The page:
HLH is diagnosed clinically by either 1) having a proven genetic mutation known to be associated with HLH or 2) fulfilling 5 out of 8 clinical criteria (fever, splenomegaly, cytopenias of at least 2 cell lines, hypertriglyceridemia and/or hypofibrinogenemia, hyperferritinemia, abnormally low NK cell activity, high levels of soluble IL-2 receptor, and pathologic evidence of hemophagocytosis in tissues) [1, 3, 5, 14]. Our patient had 3 of the 8 clinical criteria: fever, hyperferritinemia, and hemophagocystosis at the time of brain biopsy. He had a transient decrease in absolute neutrophil count to 1.25 ×109/L and platelets to 119 ×109/L during his initial hospitalization but these values do not meet the diagnostic criteria for cytopenia in HLH. According to the HLH-94 protocol, therapy includes corticosteroids, etoposide, and cyclosporine A, with intrathecal methotrexate for those with progressive neurologic symptoms. In genetic or refractory cases, a stem cell transplant may be considered [1, 3, 5, 14, 16]. Our patient was treated empirically with corticosteroids and plasmapheresis for a presumed autoimmune condition since he did not meet clinical criteria for HLH.

The frequency of CNS involvement in HLH is unclear, especially in adults. In one small series CNS involvement was identified in up to 73 % of patients at the time of diagnosis [17]. In another, CNS involvement was present in 30 % of patients who had both HLH and an underlying autoimmune disorder [18]. In the pediatric population, neurologic symptoms are variably seen at presentation (between 13–63 % of patients), and patients may also show neuroimaging as well as CSF abnormalities [7, 9, 1921]. Compared to patients who only have systemic symptoms, neurologic symptoms tend to occur in older patients and are associated with higher sodium levels, lower ferritin, lower levels of liver enzymes, and a worse prognosis [9, 22]. MRI findings include global volume loss, calcifications, enhancing lesions of the gray and white matter, delayed myelination, and MR spectroscopy changes (lower N-acetyl aspartate to creatinine ratios) [23]. CSF involvement may manifest as lymphocytic pleocytosis and elevated protein [19, 23, 24] and may indicate a worse prognosis with increased mortality [19]. Of importance to neurologists, isolated neurologic symptoms as the presenting sign of HLH have been observed in several pediatric reports [2428] but are not particularly common [7, 9].

It is unknown whether our patient had primary or acquired HLH. While genetic causes are thought to occur mainly in children and infants, hypomorphic mutations can result in manifestation of the disease in adulthood [29]. Furthermore, defects in the gene encoding for the syntaxin-11 protein have been shown to cause both HLH and acute myeloid leukemia (AML) [30]. Intriguingly, the patient’s daughter has a history of AML, which raises consideration for a syntaxin-11 mutation and predisposition to the development of HLH. Alternatively, our patient could have been exposed to an environmental trigger (such as a virus) that could have precipitated CNS-HLH. How the therapy with solumedrol altered the inflammatory milieu prior to the autopsy is unclear; the lack of significant inflammation in the liver and other systemic organs could be due to the corticosteroid therapy. However, since the patient’s laboratories were obtained prior to initiation on solumedrol, the therapy is not a confounder in the lack of clinical/laboratory evidence necessary for a diagnosis of systemic HLH. Furthermore, the autopsy clearly demonstrates that corticosteroid therapy was not sufficient to prevent the severe destruction of brain parenchyma. Therefore, the evidence in this case is most consistent with a case of CNS-HLH presenting in adulthood.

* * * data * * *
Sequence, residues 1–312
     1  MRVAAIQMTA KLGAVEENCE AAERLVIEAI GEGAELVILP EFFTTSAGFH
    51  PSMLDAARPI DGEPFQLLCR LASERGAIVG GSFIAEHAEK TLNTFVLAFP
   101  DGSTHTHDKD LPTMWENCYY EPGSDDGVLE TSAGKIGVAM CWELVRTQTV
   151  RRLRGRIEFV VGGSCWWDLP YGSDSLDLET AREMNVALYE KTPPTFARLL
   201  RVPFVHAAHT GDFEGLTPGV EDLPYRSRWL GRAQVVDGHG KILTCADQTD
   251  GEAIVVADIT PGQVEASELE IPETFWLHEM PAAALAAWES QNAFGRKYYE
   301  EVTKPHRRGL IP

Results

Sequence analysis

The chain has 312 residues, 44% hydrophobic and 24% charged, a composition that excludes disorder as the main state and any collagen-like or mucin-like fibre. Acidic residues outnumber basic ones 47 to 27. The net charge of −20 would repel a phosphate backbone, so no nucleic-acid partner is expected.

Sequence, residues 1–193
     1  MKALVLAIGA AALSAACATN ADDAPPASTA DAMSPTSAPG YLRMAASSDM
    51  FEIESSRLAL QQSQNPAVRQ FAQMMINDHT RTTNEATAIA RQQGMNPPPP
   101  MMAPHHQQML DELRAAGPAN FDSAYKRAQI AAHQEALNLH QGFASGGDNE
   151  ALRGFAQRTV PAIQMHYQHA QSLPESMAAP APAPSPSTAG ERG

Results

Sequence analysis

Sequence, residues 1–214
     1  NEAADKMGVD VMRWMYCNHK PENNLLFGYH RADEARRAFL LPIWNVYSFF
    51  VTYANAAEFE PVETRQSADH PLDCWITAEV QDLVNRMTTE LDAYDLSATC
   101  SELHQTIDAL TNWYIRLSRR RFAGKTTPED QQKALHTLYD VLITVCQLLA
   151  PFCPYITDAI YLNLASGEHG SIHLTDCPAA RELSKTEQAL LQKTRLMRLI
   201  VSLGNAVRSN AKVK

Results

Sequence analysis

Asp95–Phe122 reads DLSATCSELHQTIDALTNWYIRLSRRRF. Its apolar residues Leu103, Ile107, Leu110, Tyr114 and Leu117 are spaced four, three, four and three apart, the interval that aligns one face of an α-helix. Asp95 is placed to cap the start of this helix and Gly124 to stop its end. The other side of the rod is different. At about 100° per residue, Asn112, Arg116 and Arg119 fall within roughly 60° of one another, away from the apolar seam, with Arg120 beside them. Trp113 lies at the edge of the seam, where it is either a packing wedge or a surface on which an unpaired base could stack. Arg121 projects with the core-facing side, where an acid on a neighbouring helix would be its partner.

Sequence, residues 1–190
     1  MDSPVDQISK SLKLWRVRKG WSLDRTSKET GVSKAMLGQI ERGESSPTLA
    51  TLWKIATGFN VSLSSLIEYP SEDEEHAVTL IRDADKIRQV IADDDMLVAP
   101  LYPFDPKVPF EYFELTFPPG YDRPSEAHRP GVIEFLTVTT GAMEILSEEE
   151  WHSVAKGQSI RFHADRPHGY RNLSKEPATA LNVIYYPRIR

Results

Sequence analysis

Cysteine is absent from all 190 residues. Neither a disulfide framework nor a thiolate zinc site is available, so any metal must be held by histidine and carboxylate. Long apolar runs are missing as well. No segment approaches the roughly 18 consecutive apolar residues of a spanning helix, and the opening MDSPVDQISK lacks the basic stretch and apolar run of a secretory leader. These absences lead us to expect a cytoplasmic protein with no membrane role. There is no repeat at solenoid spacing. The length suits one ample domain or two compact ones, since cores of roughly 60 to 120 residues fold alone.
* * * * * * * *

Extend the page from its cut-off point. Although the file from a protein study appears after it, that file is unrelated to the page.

Conclusions

In conclusion, HLH should be considered in the differential diagnosis of adults presenting with progressive brain lesions alone or in association with recurrent fevers, splenomegaly, pancytopenia, hypertriglyceridemia, hypofibrinogenemia, and/or hyperferritinemia. Further work is needed to identify diagnostic markers of CNS-HLH and to determine the role of environmental factors in the development of HLH.

Consent

The patient’s widow, who was his medical decision-maker in life, read this manuscript and provided consent for its publication and any accompanying images.

Declarations

Acknowledgements

There are no additional acknowledgements. This manuscript was prepared without funding. Publication of the manuscript for open access, if accepted, will be funded through a combination of institutional support through an open access agreement between the University of California, San Francisco and BioMed Central and Dr. Douglas’s Sara & Evan Williams Foundation Endowed Neurohospitalist Chair. The funding sources had no role in the preparation of this manuscript.

Open AccessThis article is distributed under the terms of the Creative Commons Attribution 4.0 International License (http://creativecommons.org/licenses/by/4.0/), which permits unrestricted use, distribution, and reproduction in any medium, provided you give appropriate credit to the original author(s) and the source, provide a link to the Creative Commons license, and indicate if changes were made. The Creative Commons Public Domain Dedication waiver (http://creativecommons.org/publicdomain/zero/1.0/) applies to the data made available in this article, unless otherwise stated.

Authors’ Affiliations

(1)
Department of Neurology, UCSF Medical Center
(2)
Department of Anatomic Pathology, University of California San Francisco Medical School
(3)
Department of Radiology, UCSF Medical Center

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Copyright

© Pastula et al. 2015